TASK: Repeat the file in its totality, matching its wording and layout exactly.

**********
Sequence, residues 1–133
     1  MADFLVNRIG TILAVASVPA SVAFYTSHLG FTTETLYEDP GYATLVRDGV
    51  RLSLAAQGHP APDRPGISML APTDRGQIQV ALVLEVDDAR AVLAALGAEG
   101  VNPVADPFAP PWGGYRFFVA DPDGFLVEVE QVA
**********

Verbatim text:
Sequence, residues 1–133
     1  MADFLVNRIG TILAVASVPA SVAFYTSHLG FTTETLYEDP GYATLVRDGV
    51  RLSLAAQGHP APDRPGISML APTDRGQIQV ALVLEVDDAR AVLAALGAEG
   101  VNPVADPFAP PWGGYRFFVA DPDGFLVEVE QVA